WineCanine

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Tuesday, May 01, 2007

Truffles

When I visited my parents shortly after my birthday in March, they gave me a tiny jar of truffles that had been intended as a Christmas present but arrived too late for that. They're sitting on a shelf over the kitchen sink now, waiting to lend their earthy flavor to some yet-to-be-determined dish.

We mentioned the truffles to my parents when we visited them on Easter Sunday, and I jokingly said that I'd have to acquire a truffle slicer so that I could use them.

"I have one of those," my mom said, to my great surprise. "In the middle kitchen drawer. If you can find it, you can have it."

After rummaging around in the drawer briefly, we found it. She had bought it at a bargain price at Big Lots or some similar place on one of the hunting-and-gathering expeditions she used to entertain herself with, and had only used it a time or two to slice mushrooms. Mom's always been full of surprises, but a truffle slicer? Laughing, I accepted it.

I just never associated my mom with truffles. Now, morels, yes -- when I was a kid she taught me how to hunt and identify them, and she, my father and I would sometimes spend time on warm Spring days in late April or early May looking around decaying logs and under May Apples in a nearby woods for the spongy delicacies, sometimes coming home empty-handed, but often taking home grocery sacks full. Upon returning home, my mom would clean them, soak them in salt water for a while, then batter and fry them, filling the house with a wonderful aroma. Then we'd feast.

Years have passed, and all of our old Morel-hunting spots have been paved over. Every now and then a morel or two will pop up in our yard and offer itself up to us, but as delicious as they always are, they're never as good as the ones Mom used to make.

There are many things that Mom used to make that I just can't duplicate. Her wonderful baked lemon chicken. Her custard. Her eggnog. The open-faced bacon and cheese on hot dog bun sandwiches, made in the oven so the bun was toasty, the bacon crisp and the cheese melty. Pork roast that made me hungrier as I ate it, and the roast beef that I requested every year for my birthday.

Mom taught me the basics about cooking -- and, for that matter, a lot of other things. And years later, when I was living on my own and learning how fulfilling cooking could be, she was my pre-Google one-stop kitchen information source. On those rare occasions that I stumped her, she delighted in ferreting out the requested information out and getting back to me.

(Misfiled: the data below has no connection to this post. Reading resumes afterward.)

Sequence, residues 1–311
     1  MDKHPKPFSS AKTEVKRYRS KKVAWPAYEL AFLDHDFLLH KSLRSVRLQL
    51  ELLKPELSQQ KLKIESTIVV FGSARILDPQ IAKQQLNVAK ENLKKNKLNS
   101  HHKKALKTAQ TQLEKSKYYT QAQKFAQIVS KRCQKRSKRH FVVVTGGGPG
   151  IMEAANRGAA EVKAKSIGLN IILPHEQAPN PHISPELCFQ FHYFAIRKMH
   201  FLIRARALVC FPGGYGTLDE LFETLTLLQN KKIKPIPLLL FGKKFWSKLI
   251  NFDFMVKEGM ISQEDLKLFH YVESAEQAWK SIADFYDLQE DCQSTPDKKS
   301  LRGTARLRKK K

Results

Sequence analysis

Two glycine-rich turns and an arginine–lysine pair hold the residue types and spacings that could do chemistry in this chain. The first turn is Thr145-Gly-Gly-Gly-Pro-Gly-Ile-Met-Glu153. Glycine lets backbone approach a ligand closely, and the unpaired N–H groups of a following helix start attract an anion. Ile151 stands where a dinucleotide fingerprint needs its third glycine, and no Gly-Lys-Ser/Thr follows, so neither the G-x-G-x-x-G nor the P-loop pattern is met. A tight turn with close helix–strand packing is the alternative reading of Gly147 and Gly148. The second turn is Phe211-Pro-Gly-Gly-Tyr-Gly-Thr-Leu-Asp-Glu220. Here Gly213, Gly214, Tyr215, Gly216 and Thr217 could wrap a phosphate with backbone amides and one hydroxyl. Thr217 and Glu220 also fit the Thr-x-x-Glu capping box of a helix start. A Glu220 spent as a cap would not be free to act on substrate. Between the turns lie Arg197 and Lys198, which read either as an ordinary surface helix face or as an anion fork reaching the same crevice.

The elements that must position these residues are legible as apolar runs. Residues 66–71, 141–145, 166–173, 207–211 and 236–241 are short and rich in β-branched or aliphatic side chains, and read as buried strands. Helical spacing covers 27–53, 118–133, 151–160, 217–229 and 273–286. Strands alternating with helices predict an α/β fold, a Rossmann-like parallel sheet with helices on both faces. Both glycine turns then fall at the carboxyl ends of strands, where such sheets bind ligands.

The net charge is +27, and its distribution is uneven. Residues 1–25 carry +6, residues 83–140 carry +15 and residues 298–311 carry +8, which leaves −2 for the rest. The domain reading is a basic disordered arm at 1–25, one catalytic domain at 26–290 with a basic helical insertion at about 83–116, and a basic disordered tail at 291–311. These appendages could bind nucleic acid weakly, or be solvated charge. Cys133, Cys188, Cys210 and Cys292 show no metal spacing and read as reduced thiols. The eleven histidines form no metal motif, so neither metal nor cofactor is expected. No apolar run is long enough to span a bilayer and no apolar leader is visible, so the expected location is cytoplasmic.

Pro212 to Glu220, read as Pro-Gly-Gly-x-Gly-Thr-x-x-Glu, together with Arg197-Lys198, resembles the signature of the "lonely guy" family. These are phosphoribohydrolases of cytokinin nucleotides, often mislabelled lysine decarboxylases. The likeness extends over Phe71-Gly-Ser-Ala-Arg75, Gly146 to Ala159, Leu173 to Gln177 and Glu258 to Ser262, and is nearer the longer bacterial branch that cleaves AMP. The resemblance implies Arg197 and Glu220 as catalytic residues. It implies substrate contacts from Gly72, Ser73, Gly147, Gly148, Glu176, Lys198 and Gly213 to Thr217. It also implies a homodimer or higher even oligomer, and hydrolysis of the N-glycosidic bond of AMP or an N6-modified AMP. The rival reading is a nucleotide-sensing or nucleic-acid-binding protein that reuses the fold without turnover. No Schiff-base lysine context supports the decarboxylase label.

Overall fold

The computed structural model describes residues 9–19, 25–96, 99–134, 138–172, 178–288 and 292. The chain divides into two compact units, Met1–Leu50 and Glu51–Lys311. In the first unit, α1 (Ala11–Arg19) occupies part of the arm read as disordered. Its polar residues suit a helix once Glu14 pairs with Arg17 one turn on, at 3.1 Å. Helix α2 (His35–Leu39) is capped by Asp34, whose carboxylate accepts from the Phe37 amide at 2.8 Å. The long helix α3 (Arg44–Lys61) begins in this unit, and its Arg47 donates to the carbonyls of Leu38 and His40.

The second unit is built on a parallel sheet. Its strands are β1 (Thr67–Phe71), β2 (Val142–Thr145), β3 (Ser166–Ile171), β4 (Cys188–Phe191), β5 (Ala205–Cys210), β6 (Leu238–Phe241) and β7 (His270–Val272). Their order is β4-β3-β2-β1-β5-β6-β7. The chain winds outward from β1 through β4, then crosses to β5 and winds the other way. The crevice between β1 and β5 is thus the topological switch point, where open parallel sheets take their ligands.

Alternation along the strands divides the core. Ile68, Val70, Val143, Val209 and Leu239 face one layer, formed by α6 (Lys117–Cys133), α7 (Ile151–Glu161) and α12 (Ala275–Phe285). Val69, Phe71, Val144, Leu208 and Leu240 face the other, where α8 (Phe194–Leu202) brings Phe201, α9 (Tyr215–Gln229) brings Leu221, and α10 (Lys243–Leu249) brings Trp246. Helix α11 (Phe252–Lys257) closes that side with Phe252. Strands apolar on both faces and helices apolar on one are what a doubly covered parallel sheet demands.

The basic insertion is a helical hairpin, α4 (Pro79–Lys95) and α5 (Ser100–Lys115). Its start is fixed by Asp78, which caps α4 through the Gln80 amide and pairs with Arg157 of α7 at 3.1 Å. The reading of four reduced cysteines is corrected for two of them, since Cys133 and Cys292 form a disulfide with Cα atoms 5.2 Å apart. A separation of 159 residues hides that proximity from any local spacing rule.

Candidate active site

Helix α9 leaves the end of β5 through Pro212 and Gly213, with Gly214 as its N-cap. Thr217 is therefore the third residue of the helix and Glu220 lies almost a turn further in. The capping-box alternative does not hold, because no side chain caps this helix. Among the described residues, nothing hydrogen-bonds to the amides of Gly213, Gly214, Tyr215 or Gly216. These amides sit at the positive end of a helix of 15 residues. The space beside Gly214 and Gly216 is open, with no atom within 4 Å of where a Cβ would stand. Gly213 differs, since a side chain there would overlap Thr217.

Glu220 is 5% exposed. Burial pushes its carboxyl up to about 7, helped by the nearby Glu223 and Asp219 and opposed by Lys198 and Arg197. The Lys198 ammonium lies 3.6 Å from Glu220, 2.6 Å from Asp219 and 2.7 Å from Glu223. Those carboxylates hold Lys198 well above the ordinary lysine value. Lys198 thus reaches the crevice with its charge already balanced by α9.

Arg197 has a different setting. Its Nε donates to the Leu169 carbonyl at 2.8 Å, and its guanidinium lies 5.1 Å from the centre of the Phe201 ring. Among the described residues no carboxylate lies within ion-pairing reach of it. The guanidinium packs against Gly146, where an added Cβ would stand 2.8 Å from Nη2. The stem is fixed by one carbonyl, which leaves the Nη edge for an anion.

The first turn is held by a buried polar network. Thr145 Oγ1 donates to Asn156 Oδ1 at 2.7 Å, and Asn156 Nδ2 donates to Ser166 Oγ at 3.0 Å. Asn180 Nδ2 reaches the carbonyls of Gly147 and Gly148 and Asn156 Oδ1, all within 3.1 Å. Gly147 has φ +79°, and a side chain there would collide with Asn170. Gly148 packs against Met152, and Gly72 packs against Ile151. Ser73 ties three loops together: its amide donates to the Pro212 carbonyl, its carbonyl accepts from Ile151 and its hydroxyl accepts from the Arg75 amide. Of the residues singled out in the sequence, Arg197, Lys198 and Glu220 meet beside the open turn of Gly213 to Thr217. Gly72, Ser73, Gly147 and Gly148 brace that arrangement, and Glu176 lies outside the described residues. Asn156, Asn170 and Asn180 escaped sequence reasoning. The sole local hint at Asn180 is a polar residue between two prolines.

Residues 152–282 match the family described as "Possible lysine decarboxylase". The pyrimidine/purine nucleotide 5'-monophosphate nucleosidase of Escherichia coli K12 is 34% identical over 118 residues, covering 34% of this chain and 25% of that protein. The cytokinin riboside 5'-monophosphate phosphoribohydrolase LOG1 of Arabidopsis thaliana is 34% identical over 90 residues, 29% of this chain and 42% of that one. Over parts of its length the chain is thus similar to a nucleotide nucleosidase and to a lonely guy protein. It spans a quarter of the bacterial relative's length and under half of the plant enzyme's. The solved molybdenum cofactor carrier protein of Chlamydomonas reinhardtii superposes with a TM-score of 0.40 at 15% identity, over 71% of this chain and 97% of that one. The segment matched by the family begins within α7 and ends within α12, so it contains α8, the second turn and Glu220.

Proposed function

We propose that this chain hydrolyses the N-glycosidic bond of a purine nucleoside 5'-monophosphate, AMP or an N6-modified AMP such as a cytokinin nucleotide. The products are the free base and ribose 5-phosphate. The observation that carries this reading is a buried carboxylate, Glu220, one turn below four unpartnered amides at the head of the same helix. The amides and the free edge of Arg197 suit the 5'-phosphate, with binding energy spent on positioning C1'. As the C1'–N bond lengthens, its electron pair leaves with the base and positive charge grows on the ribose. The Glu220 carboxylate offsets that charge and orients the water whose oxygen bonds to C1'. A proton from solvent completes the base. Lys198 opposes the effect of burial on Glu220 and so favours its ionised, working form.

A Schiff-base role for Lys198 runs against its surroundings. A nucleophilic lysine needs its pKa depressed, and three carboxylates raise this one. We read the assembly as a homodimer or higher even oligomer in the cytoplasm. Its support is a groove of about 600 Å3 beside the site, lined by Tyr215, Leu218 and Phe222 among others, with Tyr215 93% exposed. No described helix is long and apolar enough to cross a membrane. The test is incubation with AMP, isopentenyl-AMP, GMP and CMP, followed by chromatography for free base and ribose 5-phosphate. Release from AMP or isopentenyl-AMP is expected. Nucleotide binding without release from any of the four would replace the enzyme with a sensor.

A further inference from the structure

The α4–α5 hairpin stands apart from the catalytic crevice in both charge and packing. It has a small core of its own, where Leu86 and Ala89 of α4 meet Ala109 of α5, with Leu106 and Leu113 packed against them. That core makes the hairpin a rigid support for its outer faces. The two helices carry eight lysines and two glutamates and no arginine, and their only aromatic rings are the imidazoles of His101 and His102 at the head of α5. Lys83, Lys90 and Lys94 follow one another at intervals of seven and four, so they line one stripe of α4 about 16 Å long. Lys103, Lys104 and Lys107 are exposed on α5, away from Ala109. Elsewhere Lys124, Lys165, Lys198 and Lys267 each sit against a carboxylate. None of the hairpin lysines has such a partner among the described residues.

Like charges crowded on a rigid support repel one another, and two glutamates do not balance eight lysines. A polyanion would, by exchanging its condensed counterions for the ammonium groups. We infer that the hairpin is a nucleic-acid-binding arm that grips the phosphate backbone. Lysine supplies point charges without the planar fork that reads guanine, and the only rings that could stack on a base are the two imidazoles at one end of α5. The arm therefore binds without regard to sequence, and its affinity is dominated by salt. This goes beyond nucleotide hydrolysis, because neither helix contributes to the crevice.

She quit cooking after her stroke several years ago, and after she developed heart problems and diabetes her diet was controlled for her health's sake. But on special occasions she'd briefly throw caution to the winds, and go ahead and have a grilled cheeseburger or a dish of vanilla ice cream. It has been a great pleasure of mine to be cook for my family on Thanksgivings and other special days, and to try to make my mother proud of what she taught me. No matter how plain or fancy the meal, they're always a success if I use the same magic ingredient my mom did: Love.

On the Sunday after Easter, my mom went into the hospital, then to Marquette Manor for a few days, where she raved about the food. Now she's in the hospital again, and her next move will either be back to Marquette Manor or to a hospice. If we reconfigure my parents' home a bit, we might be able to provide hospice care there.

I wish I could use the power of food to bring back her health; I wish I could use the power of red wine to vanquish her cancer. I hope I can take her some home-cooked meals -- there are so many things I want her to try! I hope she can have vanilla ice cream every day for the rest of her life, and that for the rest of her life she is comfortable and free from pain.

* * *

I think the truffles will end up in scrambled eggs some Sunday morning. And the truffle slicer my mother gave me will forever have a special place in my kitchen, and in my heart.
M. Zane Grey, 4:52 AM